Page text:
Enhanced false color visualization of the landscape south-east of Brasilia, Brazil. Acquired on 23.7.2019, processed by Sentinel Hub.🌐

Tip 15: Read the docs, see the examples

We understand that using custom scripts can present quite a steep learning curve. Evalscripts are incredibly powerful and it is simply not possible to explain everything in a single blog post.

We, therefore, invite you to visit our ever-improving evalscript documentation and the examples pages. These are written by us and represent various best-practices approaches to evalscripts. They should hopefully get you up to speed without causing overload and provide a starting point for scripts and requests, which can be modified to your specific needs.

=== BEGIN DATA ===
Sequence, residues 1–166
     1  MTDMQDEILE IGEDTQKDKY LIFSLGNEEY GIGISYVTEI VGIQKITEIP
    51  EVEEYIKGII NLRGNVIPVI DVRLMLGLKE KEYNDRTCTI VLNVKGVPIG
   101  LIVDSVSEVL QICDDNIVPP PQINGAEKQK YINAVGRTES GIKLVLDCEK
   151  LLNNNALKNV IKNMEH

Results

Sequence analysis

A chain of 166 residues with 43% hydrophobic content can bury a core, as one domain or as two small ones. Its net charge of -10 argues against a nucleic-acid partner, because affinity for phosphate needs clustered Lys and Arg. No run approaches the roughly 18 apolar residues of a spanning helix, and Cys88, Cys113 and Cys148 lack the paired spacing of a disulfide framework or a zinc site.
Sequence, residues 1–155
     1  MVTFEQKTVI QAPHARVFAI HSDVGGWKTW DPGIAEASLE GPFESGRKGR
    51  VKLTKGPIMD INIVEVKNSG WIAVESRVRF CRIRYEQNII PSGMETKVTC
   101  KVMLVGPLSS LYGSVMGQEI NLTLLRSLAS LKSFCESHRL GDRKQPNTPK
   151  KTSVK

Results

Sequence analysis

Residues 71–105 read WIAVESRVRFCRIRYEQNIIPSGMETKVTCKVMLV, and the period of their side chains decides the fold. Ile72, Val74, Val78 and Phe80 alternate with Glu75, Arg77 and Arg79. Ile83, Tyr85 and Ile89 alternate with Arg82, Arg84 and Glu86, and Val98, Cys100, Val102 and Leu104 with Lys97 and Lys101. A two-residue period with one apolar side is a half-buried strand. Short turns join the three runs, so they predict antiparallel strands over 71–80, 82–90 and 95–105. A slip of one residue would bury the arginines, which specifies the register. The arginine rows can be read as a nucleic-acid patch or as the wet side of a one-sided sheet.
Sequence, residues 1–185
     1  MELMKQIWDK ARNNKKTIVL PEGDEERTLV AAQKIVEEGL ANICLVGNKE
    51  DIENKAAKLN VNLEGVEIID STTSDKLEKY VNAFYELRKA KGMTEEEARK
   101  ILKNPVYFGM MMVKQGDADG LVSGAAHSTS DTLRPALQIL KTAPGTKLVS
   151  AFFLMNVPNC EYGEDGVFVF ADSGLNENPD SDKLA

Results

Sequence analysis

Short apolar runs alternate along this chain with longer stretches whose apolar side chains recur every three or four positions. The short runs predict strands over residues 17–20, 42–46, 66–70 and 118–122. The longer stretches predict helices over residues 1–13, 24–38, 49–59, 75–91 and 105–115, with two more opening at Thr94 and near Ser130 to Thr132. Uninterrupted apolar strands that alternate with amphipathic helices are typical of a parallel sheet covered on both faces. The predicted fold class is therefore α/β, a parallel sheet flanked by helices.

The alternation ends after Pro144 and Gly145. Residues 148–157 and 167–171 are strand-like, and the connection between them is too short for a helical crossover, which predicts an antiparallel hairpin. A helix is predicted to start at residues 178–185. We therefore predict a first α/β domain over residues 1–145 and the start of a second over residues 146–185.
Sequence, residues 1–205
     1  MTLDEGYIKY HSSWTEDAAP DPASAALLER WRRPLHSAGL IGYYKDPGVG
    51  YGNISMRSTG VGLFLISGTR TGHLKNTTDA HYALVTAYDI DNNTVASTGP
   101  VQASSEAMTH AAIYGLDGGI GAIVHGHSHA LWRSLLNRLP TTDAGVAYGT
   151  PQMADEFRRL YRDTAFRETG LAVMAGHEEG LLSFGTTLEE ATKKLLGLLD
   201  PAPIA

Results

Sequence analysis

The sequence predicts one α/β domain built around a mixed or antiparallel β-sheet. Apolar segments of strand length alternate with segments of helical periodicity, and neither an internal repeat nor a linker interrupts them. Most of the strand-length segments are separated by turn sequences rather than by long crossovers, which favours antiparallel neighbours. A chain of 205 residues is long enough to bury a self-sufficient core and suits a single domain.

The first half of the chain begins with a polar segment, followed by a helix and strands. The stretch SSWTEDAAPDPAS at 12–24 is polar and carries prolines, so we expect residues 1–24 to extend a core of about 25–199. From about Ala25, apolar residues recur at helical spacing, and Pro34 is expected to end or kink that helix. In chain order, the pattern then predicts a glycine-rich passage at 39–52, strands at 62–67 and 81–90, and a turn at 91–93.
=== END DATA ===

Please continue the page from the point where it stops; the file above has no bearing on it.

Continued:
Finally, if you haven’t yet seen, the second Sentinel Hub Custom Script Contest is currently ongoing! We hope you find these tips useful and don’t forget to send in your best scripts for a chance to win attractive prizes!

Happy scripting!

Sentinel Hub Blog

Stories from the next generation satellite imagery platform

Thanks to Marko Repse, Sabina Dolenc, Marjan Šterk, and Anja Vrecko

Monja Šebela

Written by

Sentinel Hub Blog

Stories from the next generation satellite imagery platform